‘People didn’t expect much from me’: Diné in Wyoming signs on for 2 college sports

‘People didn’t expect much from me’: Diné in Wyoming signs on for 2 college sports

CHINLE

Bryan St. Clair, known as “Beaver” to his friends and teachers, recently signed his letter of intent for the College of Idaho. What makes this unique is the fact that he is signing on to play collegiate basketball and to compete on the track and field team in the long jump event.

“It really means a lot,” St. Clair said. “It’s always been my dream since middle school. I want to play college basketball and the fact that I’m Native American and that I even get to go to college is amazing. But the fact that I get to play basketball and track is still just wow to me.”

St. Clair lives in Fort Washakie, Wyoming on the Wind River Reservation. He is Kin’yaa’áanii, born for the Pawnee tribe, Cherokee on his maternal grandfather’s side and Eastern Shoshone on his paternal grandfather’s side. He has relatives in Wyoming, Arizona and Oklahoma.

During his time in high school, he has received many awards and honors; he was a part of the team at the Wyoming 3A basketball championship in 2019, was All-Conference and All-State Selection for 3A Basketball in 2020. In 2021 his team was 4th at State and was All-State and All-Conference Selection for 3A Basketball. He was also the first Native 3A Player of the Year from his school, Lander Valley High. During his final season as a senior, he also scored his 1,000th point in basketball.

For track and field, his team came in fourth place at state in 2019 while he competed in the long jump event. This year at his last meet he PRed by jumping 21 feet and 1 inch.

St. Clair said that basketball is his favorite of the two, but long jump is a close second.

“I don’t know why I love it so much,” St. Clair said. “I just feel like it’s a good way to show off how athletic you are. It’s fun to jump up and fly. If you jump far, you’ll hang for a little bit, so that’s really fun.”

He is thinking about taking courses in psychology though he isn’t certain yet. What he wants to do is learn a skill that he could bring back to the reservation so that he can give something back to his community.

“I’m excited,” St. Clair said. “It’s a very academic school; that’s what everything is about — your academics — so I’m really happy I’m going somewhere where they want me to get my degree, they want me to graduate before playing sports. That’s probably why they are really successful with their sports because they’re focused on their academics first.”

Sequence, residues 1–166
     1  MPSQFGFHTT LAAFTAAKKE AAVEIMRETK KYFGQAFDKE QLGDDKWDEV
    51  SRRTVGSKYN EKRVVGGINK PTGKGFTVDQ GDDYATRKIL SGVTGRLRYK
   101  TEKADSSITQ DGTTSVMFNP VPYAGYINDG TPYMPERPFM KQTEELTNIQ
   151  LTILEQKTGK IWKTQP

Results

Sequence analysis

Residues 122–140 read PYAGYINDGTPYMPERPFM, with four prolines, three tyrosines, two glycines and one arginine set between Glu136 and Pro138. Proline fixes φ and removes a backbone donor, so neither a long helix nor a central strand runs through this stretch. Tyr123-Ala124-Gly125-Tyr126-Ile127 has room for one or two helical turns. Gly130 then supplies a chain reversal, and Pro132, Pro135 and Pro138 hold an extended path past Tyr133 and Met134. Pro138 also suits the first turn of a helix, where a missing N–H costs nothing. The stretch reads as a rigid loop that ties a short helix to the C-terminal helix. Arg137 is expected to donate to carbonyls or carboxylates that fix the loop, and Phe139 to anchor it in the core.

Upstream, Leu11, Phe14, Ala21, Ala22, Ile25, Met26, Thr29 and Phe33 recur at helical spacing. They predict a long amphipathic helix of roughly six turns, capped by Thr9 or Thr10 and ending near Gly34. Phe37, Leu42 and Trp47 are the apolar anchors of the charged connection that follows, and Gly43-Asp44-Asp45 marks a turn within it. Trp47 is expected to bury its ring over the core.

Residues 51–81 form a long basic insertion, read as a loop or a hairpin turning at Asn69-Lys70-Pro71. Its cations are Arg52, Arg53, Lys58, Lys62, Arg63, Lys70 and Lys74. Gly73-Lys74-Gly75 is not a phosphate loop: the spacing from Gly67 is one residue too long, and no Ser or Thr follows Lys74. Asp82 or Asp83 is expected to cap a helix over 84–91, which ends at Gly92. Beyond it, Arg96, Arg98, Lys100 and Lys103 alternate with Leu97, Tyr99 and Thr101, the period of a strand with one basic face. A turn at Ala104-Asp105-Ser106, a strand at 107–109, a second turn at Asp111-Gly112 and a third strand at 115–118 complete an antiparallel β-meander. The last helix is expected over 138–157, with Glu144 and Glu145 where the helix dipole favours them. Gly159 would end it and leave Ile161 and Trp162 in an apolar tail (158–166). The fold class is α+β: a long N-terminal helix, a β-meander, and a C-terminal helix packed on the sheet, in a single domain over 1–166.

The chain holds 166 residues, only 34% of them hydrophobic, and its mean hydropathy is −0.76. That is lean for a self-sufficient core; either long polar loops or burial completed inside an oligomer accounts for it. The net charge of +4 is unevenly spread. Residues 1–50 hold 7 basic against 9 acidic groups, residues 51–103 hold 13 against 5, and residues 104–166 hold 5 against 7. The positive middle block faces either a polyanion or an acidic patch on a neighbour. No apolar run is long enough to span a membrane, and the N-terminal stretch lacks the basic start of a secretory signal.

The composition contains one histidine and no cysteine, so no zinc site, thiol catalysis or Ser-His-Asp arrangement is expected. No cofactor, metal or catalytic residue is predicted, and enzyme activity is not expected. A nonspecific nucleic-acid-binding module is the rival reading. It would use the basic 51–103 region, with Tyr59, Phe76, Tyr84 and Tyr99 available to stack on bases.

During St. Clair’s senior year, the state went into lockdown because of the COVID-19 pandemic. Due to this, St. Clair couldn’t play sports. His basketball team was on the road when the state championships were cancelled and they had to turn around. Despite the disheartening reality of the pandemic, St. Clair didn’t let it get the better of him. If anything, he met the challenges with enthusiasm.

“This year I probably did my best individually,” St. Clair said. “This year for me has been insane, I can’t believe what a year I had. Even with all this COVID stuff, the obstacles, getting COVID and everything … You’d think, ‘Wow, it would be harder for you to accomplish your goals,’ but it really pushed me to do more and to do better and I accomplished almost everything I wanted to and that just makes me so happy. ”

St. Clair had a basketball post outside his home where he would practice and he continued exercising at home and built up his muscles. Even though it was uncertain if there would be sports that year, he was determined to be in shape and to come back onto the court better than ever. He would become 3A Player of the Year, All State All Conference, All Star game and then accomplish his biggest goal of going to play college basketball.

He is happy and proud of his achievements and he hopes that his story can inspire other young athletes on the reservations, be they Navajo, Pawnee, Cherokee, Eastern Shoshone, or any other tribe. He hopes to see more Natives in college.

“For all those native kids on the reservations, small ones, big ones, I was one of those kids too,” St. Clair said. “I grew up on the reservation. People didn’t expect much from me, but if you put the time in, if you really work at it and … you do good in school it will pay off.

“Don’t drink, don’t smoke, you go to school, you do sports, you work at it and like I said I think it will pay off … You can do it if you make the effort. That’s what I did and I accomplished my dream.”


About The Author

David Smith

David Smith was born and raised in Chinle, Arizona. He graduated from Chinle High School in 2015 and went on to study journalism at Northern Arizona University. He graduated in the spring of 2020 with his bachelors in journalism and a minor in English. He later moved back home where he is now working as sports writer for the Navajo Times. Contact him at david.smith@navajotimes.com

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